"Mom," Steven said, bolting through the kitchen door. "May I pet Ginger's baby?"

"You better not," his mother answered. "This is Ginger's first foal. She may not want anyone to touch it."

"Come on, Mom," Steven pulled on his mother's hand. "Don't you want to see the baby?

"Yes, I do," his mother smiled, picking up her sweater as she headed toward the door.

"Isn't the baby beautiful? Steven's eyes sparkled. It almost looks red. Why does it have that big white splotch with reddish looking spots in it next to its tail?

"It's what they call a blanket Appaloosa," his mother laughed, slipping a halter over Ginger's head. "It's suppose to look like that. Guess what, Steven? It's a little filly."

"What's a filly, Mom? Steven questioned.

"Well, his mother smiled. "A filly is a baby girl horse. A colt is a baby boy horse."

"Oh," Steven said amazed. "I didn't know that. Her legs are all wobbly. Is she all right?"

"Yes," his mother answered. "She's only a few hours old. She'll be running and romping in no time. Ginger doesn't seem to mind my touching her baby. "Would you like to pet her now."

"Yes," Steven said, glancing at Ginger tied to the hitching post. "I think she trusts us not to hurt her baby."

"She needs to get use to being touched," his mother said, as she moved her hand slowly down the filly's leg, picking up its tiny hoof.

"I'll need to check her feet everyday for rocks. If they get a rock wedged in their foot, it's like us having a rock in our shoes. You need to be careful, though. Always approach her from her side. She's just a baby. She might strike you with her front feet or kick you with the back ones. I'll train her she isn't suppose to do that, but for safety reasons it's wise to never stand directly in front of a horse or behind it. They spook easy at times and you could get hurt."

"I'll be careful, Mom," Steven said. "When can she eat oats and hay all the time the way Ginger does?

"She'll be eating oats and hay when she's about six or seven months old," his mother said.

"May I name her? Steven asked excited. "I know a real pretty name for her."

"Yes, you can," his mother hugged him. "What do you want to name her?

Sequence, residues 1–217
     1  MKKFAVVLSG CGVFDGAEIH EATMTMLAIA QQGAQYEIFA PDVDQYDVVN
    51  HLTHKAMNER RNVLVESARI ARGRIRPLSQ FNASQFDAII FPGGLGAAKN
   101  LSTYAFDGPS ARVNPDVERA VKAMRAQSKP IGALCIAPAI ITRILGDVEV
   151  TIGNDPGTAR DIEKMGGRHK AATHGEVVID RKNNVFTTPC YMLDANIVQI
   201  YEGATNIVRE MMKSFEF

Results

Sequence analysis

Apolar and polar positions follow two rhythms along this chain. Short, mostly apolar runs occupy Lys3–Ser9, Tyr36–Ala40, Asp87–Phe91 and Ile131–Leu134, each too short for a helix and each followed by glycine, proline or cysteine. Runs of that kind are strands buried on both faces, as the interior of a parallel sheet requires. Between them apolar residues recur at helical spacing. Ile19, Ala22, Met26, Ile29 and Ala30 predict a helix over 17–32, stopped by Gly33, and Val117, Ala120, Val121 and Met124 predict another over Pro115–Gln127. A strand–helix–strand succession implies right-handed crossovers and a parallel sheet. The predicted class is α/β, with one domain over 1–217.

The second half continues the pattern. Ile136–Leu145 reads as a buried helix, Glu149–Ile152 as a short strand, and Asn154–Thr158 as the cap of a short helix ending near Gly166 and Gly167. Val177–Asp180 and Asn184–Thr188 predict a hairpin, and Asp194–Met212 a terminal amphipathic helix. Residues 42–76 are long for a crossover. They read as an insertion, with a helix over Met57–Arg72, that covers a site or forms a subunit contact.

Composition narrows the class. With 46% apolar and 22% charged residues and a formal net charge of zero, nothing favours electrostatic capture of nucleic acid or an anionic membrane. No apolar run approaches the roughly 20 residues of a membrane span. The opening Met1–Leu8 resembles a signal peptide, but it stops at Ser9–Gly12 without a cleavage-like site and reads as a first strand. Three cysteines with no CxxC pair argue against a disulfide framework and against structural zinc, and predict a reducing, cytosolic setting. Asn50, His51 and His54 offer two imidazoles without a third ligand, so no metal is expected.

"Well," Steven grinned. "We call her mother Ginger, because she's the color of ginger spice. So, I think we should call the filly Rachel."

"Rachel," his mother laughed. "How did you come up with that name?

"I didn't want to call her Red or Spot," Steven said seriously. "I just think she looks like a Rachel."

"All right," his mother smiled. "We'll call her Rachel."

All that summer Steven watched his mother work with Rachel. She was very tame and didn't mind when Steven's Mother cleaned her feet, touched her ears, or when she looked at her teeth.

When the leaves began to turn gold on the elm trees, Rachel's legs were longer and her body much stronger.

"The way she's growing she may get big as Ginger," Steven said.
She's sure going to be a beautiful horse."

"Feeding her the right kinds of feed and giving her vitamins is why she's grown so well," his mother answered. "That's why you're growing so well. You eat all the right kind of foods and you take your vitamins."

"I know," Steven answered. "Will you take me riding on Ginger today?

"Yes, I will," his mother answered. "Horseback riding is one of the best ways to exercise your entire body."

"I'm glad," Steven said. "I love to go riding. I can't wait until Rachel's big enough to ride."

"It'll be a few years before we can ride Rachel," his mother explained. "Her bones have to grow and get strong before we can ride her."

"I know," Steven giggled, watching Rachel trotting around the barnyard with her head and tail held high.

Copyright © 1993  Jo Ann Lovelace. All Rights Reserved.